• Practice breathing exercises when you feel anxiety or stress creeping up. The relaxing power of concentrated breathing should be used regularly.
  • Take action! Your stress, fears, and anxieties will only worsen if you do not take steps to secure another position soon. If it seems daunting, start by taking simple steps such as researching positions available in your field. Once you get your feet wet, you can begin the application and interview process.
  • Exercise. Another great way to cope with stress is by getting exercise—your energy levels will increase, and you will reduce the impact of stress and be happier in general.

For people who are overqualified and underpaid in their current jobs, Hylen suggests looking at the situation in a different light because ego might be getting in the way. “Many feel that they have earned the position or salary that they currently have, and they are ‘too good’ to take a job of lesser prestige or income,” Hylen said. “Acceptance is the only way to cope with this. You must accept that that economy is in the state it’s in. You must accept that companies are looking to hire younger people for less money. You must accept that your only alternative to being unemployed is to take a job with lesser pay.”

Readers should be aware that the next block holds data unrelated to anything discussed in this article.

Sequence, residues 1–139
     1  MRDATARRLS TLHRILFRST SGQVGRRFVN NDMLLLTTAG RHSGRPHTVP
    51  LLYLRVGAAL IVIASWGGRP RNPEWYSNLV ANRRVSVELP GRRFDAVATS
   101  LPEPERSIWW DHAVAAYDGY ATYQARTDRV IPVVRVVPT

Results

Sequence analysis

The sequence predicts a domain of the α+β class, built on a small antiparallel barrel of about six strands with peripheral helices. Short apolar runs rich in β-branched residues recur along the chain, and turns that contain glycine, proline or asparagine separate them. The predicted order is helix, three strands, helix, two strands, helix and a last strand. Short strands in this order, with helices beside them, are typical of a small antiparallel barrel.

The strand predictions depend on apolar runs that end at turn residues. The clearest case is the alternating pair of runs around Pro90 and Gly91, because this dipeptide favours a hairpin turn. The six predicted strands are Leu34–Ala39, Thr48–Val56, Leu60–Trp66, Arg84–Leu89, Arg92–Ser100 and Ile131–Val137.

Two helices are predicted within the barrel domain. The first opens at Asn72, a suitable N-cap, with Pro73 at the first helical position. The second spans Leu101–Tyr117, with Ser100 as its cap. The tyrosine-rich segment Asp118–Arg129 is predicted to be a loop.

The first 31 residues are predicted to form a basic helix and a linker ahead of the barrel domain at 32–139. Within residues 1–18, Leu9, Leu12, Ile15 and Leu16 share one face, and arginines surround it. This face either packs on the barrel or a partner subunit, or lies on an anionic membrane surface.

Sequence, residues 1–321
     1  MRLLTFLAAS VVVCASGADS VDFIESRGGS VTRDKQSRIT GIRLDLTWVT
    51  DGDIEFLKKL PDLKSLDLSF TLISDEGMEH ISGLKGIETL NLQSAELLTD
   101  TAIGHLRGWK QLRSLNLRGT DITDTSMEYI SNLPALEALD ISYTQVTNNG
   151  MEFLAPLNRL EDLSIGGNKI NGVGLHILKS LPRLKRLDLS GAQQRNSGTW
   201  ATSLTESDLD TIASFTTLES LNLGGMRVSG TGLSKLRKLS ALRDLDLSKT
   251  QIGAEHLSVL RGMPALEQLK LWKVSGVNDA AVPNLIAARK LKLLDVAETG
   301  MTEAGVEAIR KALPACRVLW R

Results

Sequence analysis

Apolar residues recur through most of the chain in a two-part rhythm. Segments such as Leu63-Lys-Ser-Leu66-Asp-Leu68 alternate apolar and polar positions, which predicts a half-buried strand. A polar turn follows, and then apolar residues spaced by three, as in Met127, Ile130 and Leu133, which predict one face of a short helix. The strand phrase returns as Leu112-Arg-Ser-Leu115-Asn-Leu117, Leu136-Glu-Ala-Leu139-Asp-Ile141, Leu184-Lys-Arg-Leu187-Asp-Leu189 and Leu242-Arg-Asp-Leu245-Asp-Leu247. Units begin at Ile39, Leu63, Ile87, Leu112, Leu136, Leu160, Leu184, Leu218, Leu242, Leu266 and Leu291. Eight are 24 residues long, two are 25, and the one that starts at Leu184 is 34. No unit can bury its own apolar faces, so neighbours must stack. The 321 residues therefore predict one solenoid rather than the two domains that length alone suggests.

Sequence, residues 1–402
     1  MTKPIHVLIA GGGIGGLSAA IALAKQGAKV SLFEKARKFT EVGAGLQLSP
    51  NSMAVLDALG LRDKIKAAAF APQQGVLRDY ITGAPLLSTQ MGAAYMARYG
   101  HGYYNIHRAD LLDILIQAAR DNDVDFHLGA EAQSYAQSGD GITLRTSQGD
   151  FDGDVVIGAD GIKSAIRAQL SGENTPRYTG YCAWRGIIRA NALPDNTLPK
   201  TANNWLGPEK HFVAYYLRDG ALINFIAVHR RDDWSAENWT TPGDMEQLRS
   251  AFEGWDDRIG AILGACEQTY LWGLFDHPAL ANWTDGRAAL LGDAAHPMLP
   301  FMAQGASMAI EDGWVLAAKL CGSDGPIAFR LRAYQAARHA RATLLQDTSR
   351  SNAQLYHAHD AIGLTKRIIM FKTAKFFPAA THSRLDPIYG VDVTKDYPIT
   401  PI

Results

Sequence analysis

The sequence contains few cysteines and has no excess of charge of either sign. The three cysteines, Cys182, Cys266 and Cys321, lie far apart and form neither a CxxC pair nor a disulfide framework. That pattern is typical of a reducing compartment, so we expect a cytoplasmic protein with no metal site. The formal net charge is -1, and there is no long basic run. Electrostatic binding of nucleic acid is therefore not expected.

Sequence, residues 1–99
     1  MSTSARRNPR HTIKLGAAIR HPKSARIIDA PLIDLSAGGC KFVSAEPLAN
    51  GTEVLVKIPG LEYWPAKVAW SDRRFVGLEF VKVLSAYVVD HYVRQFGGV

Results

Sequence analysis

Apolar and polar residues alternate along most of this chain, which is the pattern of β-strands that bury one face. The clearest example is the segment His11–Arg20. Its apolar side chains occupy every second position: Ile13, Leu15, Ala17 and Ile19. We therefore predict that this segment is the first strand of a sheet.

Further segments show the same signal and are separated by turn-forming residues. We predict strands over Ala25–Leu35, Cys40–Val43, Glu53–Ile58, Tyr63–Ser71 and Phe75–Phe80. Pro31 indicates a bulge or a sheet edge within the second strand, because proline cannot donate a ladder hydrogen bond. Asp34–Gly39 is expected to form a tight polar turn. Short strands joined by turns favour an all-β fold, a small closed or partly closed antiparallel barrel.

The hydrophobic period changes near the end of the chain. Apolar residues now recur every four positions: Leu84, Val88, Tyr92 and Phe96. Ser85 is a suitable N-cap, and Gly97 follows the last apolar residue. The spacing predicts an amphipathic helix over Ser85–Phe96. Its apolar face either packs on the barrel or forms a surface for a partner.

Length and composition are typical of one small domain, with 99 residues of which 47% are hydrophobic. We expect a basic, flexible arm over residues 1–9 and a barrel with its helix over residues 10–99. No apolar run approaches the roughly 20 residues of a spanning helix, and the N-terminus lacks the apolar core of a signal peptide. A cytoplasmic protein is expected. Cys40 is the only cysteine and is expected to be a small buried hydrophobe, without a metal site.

However, current acceptance does not mean that you need to suffer in a low-paying job the rest of your life. “Yes, you may have to work in a lower position for a while,” Hylen said. “But, when the economy picks back up, you have not lost your qualifications or experience. In fact, some future employers may see that you were willing to do what it takes to remain employed, and that could influence their opinions of you as a potential employee. Hope is a powerful thing, and when it is combined with acceptance, things have a way of working themselves out, too.”

She suggests learning and implementing coping strategies to deal with stress now, because it most likely will lead to improvements in productivity and happiness, which could even prevent you from being let go in some cases. “Talk about your problems, be open and honest with someone outside the workplace, exercise, employ breathing techniques, meditate, and accept the things you cannot change about other people,” Hylen said. “You will find yourself feeling much better, and in turn a better employee.”

Tom Von Deck, a corporate meditation trainer, speaker, and author of Oceanic Mind – The Deeper Meditation Training Course, has some tips for employees to overcome stress as well: